The state of chaos exists when an unpredictable process produces some nonconforming product. The process's unpredictable nature will make some days look better than others but will also prevent effective elimination of the nonconforming product. Efforts to correct the problem ultimately will be foiled by the random process changes resulting from assignable causes.
Needed process modifications will produce only short-term successes because the assignable causes continue to change the process. With unnecessary modifications, a fortuitous shift by assignable causes may mislead. As a result, companies despair of ever operating the process rationally and begin to speak in terms of magic and art.
The only way to move a process out of chaos is to eliminate the effects of assignable causes. This requires the use of Shewhart's charts; no other approach will work consistently.
All processes belong to one of these four states, although processes may move from one state to another. In fact, entropy acts on every process, causing it to move toward deterioration and decay, wear and tear, breakdowns and failures. Because of entropy, every process will naturally and inevitably migrate toward the state of chaos. The only way to overcome this migration is by continually repairing entropy's effects.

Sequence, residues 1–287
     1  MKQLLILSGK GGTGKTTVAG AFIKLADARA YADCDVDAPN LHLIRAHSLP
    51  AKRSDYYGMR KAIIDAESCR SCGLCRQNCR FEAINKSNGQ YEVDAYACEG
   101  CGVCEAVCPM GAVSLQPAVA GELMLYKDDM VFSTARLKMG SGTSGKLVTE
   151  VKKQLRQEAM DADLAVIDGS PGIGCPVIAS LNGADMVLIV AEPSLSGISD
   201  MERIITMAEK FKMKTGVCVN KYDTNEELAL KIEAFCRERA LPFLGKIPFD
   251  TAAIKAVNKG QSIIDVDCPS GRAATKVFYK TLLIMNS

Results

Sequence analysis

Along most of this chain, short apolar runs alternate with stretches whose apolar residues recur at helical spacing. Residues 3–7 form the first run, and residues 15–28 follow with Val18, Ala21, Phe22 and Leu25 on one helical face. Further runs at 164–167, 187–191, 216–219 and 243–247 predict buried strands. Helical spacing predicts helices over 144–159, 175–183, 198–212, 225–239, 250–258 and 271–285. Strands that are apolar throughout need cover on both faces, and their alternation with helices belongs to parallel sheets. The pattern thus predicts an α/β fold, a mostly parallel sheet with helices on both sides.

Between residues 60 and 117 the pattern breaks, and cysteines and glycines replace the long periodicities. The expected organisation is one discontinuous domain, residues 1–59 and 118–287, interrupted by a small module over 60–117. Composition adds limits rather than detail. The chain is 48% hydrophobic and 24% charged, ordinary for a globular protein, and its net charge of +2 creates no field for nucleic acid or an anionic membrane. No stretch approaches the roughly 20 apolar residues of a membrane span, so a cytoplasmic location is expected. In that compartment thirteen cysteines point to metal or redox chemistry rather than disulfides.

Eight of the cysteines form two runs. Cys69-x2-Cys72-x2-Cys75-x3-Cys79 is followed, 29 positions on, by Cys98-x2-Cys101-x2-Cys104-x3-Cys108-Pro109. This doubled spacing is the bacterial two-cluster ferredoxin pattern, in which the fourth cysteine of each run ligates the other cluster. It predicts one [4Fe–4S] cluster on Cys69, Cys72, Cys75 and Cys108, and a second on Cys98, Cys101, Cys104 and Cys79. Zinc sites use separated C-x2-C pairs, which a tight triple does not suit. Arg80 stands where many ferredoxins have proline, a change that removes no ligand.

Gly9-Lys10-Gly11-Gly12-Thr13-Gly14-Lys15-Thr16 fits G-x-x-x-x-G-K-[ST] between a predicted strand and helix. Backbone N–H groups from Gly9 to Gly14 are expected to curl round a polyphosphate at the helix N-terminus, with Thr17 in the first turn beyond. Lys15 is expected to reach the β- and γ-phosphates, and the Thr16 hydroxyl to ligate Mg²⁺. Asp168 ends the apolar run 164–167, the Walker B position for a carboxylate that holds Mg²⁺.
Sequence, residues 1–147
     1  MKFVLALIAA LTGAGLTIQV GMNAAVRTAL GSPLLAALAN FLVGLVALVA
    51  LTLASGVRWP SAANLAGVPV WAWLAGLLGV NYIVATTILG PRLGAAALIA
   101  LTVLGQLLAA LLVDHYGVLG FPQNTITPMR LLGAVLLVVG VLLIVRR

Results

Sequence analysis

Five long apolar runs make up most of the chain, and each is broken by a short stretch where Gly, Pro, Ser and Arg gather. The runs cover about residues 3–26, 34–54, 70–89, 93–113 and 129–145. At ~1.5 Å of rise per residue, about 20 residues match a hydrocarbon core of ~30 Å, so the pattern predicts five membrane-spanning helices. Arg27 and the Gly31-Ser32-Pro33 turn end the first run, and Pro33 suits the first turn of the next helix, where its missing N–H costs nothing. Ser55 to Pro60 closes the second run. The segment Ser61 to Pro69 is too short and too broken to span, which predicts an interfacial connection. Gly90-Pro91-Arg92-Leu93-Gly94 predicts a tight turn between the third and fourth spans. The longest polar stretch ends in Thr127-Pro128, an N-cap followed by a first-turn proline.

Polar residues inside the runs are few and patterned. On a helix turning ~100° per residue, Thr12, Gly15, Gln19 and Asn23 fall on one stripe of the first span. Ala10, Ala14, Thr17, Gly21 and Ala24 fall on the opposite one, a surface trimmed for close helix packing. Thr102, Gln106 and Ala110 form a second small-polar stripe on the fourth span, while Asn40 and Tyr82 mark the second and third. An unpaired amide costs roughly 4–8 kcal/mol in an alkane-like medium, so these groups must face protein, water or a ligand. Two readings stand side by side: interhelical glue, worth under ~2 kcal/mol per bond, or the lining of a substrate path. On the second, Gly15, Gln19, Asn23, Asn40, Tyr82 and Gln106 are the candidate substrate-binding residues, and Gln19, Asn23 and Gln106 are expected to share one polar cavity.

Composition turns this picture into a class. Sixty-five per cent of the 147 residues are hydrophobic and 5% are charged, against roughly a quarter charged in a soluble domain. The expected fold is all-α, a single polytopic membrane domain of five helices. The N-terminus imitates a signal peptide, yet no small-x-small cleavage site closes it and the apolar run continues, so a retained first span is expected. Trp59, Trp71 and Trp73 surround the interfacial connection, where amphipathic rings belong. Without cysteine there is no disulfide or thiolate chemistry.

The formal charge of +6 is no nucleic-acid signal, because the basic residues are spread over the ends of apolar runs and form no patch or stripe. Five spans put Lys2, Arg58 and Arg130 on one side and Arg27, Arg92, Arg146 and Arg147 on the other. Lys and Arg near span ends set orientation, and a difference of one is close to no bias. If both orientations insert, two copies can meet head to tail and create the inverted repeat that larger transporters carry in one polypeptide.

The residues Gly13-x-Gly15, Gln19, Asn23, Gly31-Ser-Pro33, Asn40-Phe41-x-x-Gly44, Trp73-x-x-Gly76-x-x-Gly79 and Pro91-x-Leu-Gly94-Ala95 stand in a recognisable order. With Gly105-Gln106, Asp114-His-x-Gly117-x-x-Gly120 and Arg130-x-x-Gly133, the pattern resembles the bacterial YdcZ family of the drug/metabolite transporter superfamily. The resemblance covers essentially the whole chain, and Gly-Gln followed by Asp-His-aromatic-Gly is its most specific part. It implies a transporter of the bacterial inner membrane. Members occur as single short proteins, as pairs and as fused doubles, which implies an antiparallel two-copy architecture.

Because processes in the state of chaos obviously require change, chaos managers inevitably are appointed to drag the process back to the brink of chaos, erroneously considered the "out-of-trouble" state in most operations. Once the process returns to the brink of chaos, then chaos managers leave to work on other problems. As soon as their backs are turned, the process begins to move back down the entropy slide toward chaos.
New technologies, process upgrades and other magic bullets can never overcome this cycle of despair. Technologies may change, but the benign neglect that inevitably occurs when the process teeters on the brink of chaos will allow entropy to drag the process back down to the state of chaos. Thus, focusing solely on conformance to specifications will condemn an organization to cycle forever between the two states.
Entropy places a process in the cycle of despair, and assignable causes doom it to stay there. Thus, it is important to identify both the effects of entropy and the presence of assignable causes. Shewhart's charts will consistently and reliably provide the necessary information in a clear and understandable form.
The traditional chaos-manager approach focuses on conformance to specifications but doesn't attempt to characterize or understand the behavior of a process. Therefore, about the best this approach can achieve is to get the process to operate on the brink of chaos some of the time.
Which explains why any process operated without Shewhart's charts is doomed to operate in the state of chaos.
About the author
Donald J. Wheeler is an internationally known consulting statistician and the author of Understanding Variation: The Key to Managing Chaos and Understanding Statistical Process Control, Second Edition.
New for 1998
This will be Donald Wheeler's last column for Quality Digest. Check out our new SPC columnist, Tom Pyzdek, debuting in our January issue.